Workforce sustainability a concern across the forestry industry
By: Brady Hummel October 18, 2019
Photography by Stephen B. Morton
Forestry jobs are still in high demand, but there are concerns murmured by many in the industry about whether there will be enough young professionals interested in starting a career in forestry to meet that demand in the coming decades.
According to the Georgia Forestry Commission's 2017 Economic Benefits of the Forest Industry in Georgia report,¹ there were 53,933 total direct employees in the forestry industry in Georgia in 2017, with pulp and paper products, building, and forest management and logging accounting for two-thirds of the workforce. Total employment in the industry has consistently grown year-on-year since 2010, but roughly 21,000 jobs were lost between 2007 and 2010 as a result of the Great Recession.² And wages and salaries have outpaced where they were pre-recession, with a $71,127 average across the industry.³
Yet that broad industry growth isn't necessarily answering the workforce development challenges many throughout the supply chain are feeling. "Across the country, our members are telling us they are having trouble finding enough people to fill critical positions - in the woods, on the road, and in the mill," said Deb Hawkinson, president of the Forest Resources Association (FRA). Finding qualified log truck drivers, in particular, will be challenging over the next decade, with many expected to retire within that time. "It's not entirely clear where the new logging workforce will come from," Hawkinson added.
J. Harry Sanders III, vice president of Sanders Logging, Inc. in Cochran, Georgia, is feeling that pressure first-hand. "Right now, I have two guys on my crew in their 70s and one in his 60s," Sanders said. He currently employs 20 people and brought on four new hires in the last two years to replace retiring crew members, some of whom have been with Sanders Logging for a quarter-century or longer. In finding new people, Sanders struggles with the push-pull of looking for candidates who have "both seat time and a willingness to learn."
Mechanization is also adding challenges by raising the barrier of entry into the industry. "Many jobs that a generation ago could be filled right out of high school now require additional training - either in dedicated training programs, through college coursework, or on-the-job mentorship," Hawkinson said. The marching pace of mechanization will continue, and workers will be expected not only to operate complex machines, but also to problem-solve in new and different ways. "As the industry continues to grow and evolve, workers will be asked to develop new skills in order to be successful," she said.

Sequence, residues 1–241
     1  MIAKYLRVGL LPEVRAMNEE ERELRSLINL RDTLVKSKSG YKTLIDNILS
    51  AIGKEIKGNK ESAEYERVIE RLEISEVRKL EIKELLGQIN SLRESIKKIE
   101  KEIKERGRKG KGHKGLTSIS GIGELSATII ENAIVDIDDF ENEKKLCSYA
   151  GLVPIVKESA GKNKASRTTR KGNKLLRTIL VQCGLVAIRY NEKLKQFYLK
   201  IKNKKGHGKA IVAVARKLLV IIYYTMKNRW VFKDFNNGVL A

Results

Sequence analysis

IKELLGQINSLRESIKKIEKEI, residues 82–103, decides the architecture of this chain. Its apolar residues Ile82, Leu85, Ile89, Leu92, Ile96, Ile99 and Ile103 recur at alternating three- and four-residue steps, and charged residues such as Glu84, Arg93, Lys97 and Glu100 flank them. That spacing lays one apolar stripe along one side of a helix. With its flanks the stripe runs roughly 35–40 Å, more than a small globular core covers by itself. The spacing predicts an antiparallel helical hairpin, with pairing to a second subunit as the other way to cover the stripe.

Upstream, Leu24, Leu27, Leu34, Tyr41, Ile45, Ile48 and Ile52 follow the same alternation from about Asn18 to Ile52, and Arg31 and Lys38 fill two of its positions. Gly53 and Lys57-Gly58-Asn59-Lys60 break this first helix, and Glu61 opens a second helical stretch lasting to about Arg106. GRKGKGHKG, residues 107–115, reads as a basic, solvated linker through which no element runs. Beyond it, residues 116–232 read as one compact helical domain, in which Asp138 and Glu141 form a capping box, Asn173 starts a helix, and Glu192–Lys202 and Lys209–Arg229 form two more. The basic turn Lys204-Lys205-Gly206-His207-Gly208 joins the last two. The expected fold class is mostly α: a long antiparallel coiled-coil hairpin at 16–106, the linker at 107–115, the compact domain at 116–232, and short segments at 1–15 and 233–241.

However, "mechanization is nothing new," said Dr. Dale Greene, dean of the University of Georgia (UGA) Warnell School of Forestry & Natural Resources. "It has been a part of our industry all along and it continues to be what helps maintain and expand our production and improve the quality of our products. For decades we have been shifting to fewer people with better skill sets as we mechanized."
Warnell aims to prepare the next generation of forestry professionals through a holistic education model. "Our curriculum is a mix of traditional classroom time along with experiential learning in field labs and during summer internships," Greene said. Experience in the field is invaluable, Greene added, as all forestry majors are required to participate in a three-week field course during their junior year. "We also focus on communication and analytical skills as much as we do on learning traditional forestry."
Sanders, a Warnell graduate, said that, while programs like UGA's are essential, he worries about whether new people are coming into the industry through education paths like that. "What scares me the most about this industry is that it looks impossible for someone to get into forestry unless they're born into it or have a lot of money," said Sanders, a third-generation logger himself. "There's no silver bullet solution. It's going to take a lot to fix the problem, and to get people into the industry, we have to get them young."
Greene sees a stark incentive for the industry to address the workforce development challenges it faces: "You change or you go out of business."